- Over two fifths (41%) of Welsh parents think children have a wider choice of sports and facilities in the local community spaces and at school than they did as children
- Over one in ten (12%) of women in Wales surveyed have never played rugby but would like to give it a go
- As Founding Partner of the first women’s Lions team, Royal London is championing women’s rugby by helping to level the playing field for future generations.
45% of Welsh parents of school aged children say that children have a wider choice of sports options and facilities both at school and in the local community than they did. A similar number (41%) say that children can play any sport they want to, and 45% of parents thought children today have more access to sporting role models of all genders and sports than when they were younger.
The research, from Royal London, follows the announcement of the first ever Lions Women’s tour, set to take place in New Zealand in 2027. As Founding Partner, Royal London is committed to championing and supporting women’s rugby, and to making a difference by helping to level the playing field for this and future generations.
Only 5% of women surveyed in Wales aged 55 plus were offered the chance to play rugby at school versus 68% of men of the same age For younger people, the disparity lessens, with 35% of women 18-34 saying they had the chance to play rugby at school, compared to 53%) of men.
The decreasing gender sports gap will be welcome news for many with 12% of Welsh women who haven’t played rugby stating they would like to try. Just over one in ten (12%) of women who haven’t played rugby would like to try.
Shaunagh Brown, rugby player and ambassador for Royal London, said: “In recent years there has been a significant increase in the visibility of women in sport, across the board. Undoubtedly, we still have a lot of work to do but the Lions Women’s tour is a great example of the progress being made. Increased accessibility at grassroots level, including a practical overhaul of facilities at grounds, coupled with visible role models for women and girls to look up to will help with this. Royal London’s meaningful commitment to coach and player pathways and grassroots funding is a significant boost to increasing access and interest in the sport, helping ensure a more diverse, bigger player and coach pool ahead of 2027.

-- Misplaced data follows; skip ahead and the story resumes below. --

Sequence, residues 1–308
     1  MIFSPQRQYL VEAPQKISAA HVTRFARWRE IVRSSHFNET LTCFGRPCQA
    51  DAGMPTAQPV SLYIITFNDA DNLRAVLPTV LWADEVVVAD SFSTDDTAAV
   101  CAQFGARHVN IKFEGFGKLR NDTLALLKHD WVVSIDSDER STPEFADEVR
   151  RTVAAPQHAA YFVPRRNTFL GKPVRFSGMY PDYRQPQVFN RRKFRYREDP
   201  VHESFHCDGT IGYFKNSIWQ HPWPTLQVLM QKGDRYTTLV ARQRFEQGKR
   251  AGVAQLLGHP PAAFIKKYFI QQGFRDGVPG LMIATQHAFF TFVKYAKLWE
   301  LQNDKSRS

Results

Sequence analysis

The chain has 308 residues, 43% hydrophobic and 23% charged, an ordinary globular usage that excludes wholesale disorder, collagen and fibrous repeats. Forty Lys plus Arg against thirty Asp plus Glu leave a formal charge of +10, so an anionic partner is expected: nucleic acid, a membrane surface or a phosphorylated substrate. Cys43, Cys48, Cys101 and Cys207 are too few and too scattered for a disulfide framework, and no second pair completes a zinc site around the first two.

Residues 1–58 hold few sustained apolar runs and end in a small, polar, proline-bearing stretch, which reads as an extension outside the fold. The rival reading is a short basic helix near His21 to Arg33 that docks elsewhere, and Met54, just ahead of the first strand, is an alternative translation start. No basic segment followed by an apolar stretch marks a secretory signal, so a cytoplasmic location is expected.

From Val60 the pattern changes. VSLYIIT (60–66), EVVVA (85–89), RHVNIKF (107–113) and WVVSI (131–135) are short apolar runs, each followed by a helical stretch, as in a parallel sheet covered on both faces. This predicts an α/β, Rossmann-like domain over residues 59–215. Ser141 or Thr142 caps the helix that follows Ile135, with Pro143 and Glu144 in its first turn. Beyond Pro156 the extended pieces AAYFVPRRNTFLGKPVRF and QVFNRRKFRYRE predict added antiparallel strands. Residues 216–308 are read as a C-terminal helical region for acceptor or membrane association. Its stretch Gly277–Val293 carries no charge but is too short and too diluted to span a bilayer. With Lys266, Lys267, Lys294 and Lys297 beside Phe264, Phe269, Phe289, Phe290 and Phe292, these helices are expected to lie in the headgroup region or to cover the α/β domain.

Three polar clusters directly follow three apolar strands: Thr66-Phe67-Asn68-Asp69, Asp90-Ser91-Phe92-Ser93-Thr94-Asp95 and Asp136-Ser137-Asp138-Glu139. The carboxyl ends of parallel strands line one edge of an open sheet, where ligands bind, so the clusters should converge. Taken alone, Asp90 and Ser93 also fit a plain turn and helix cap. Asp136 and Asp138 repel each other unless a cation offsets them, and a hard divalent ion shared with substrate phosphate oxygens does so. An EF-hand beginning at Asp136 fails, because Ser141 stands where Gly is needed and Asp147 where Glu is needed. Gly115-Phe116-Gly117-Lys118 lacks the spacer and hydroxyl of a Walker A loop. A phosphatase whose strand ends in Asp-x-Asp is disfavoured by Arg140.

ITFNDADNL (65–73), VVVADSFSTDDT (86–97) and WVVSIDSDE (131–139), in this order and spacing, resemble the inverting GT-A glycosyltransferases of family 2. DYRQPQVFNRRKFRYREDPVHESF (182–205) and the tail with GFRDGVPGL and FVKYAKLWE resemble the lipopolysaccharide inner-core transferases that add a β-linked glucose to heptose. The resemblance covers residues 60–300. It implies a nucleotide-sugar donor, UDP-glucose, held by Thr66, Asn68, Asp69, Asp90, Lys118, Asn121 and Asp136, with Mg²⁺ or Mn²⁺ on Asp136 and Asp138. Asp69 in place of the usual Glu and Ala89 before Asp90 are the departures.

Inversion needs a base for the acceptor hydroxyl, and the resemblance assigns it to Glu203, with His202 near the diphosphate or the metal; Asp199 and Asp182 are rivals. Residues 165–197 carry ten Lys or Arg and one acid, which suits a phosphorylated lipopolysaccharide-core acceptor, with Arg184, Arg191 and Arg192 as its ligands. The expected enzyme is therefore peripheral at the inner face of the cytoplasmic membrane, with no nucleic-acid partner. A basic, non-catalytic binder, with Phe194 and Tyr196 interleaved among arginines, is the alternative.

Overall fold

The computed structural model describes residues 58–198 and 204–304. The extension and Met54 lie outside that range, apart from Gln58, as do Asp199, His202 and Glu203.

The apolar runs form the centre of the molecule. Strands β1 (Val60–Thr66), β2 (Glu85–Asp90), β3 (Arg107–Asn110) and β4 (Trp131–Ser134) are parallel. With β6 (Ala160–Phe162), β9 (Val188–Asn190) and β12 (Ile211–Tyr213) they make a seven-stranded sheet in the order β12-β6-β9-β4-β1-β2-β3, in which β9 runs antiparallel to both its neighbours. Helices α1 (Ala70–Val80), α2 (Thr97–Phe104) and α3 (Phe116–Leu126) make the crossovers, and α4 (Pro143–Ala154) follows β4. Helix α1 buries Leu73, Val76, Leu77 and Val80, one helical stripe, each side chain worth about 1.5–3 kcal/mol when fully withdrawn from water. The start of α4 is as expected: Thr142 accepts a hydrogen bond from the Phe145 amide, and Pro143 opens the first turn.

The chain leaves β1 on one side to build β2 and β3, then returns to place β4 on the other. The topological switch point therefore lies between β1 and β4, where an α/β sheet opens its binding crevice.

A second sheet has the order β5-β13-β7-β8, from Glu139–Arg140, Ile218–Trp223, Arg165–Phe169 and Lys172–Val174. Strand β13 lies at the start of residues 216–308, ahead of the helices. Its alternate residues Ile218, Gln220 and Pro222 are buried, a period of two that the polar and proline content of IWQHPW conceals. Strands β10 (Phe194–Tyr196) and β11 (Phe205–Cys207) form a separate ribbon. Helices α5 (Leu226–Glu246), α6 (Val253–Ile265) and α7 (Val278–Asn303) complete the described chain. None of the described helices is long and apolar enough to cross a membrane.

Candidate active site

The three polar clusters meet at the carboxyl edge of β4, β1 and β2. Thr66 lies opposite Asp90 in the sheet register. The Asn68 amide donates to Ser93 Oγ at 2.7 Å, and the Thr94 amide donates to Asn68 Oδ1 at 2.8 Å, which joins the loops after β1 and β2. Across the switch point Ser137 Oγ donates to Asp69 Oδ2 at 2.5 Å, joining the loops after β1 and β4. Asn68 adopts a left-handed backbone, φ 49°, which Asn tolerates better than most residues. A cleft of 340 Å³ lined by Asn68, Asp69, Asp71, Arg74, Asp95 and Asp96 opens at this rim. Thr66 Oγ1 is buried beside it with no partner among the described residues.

Susie Logan, Group Chief Marketing Officer at Royal London, said: “It’s positive to see access to traditionally ‘male’ sports improving for young girls. Access to rugby is improving for girls but there is more work to be done. It’s clear that there are people who would have liked the opportunity to play and didn’t get the chance.
“This is why we’re so proud to be a founding partner of the first ever Lions Women’s rugby team and investing into the rugby programmes that will turn the dial even further at a grassroots level across the UK and Ireland. We are aiming to encourage more girls to participate in rugby by presenting more opportunities for them to get involved in a sport that they might not otherwise have considered.”
The partnership will also invest in player development in each of The British & Irish Lions constituent Unions through the delivery of a special elite players’ Pathways Funding grant. The grants will support the elite women’s player and coach pathways in Scotland, Wales, Ireland, and England, to help Unions develop more players and coaches capable of being selected for the inaugural Lions Women’s Tour. In addition, Royal London will also be investing in women’s and girls’ grassroots rugby across the UK and Ireland in the run-up to the Tour.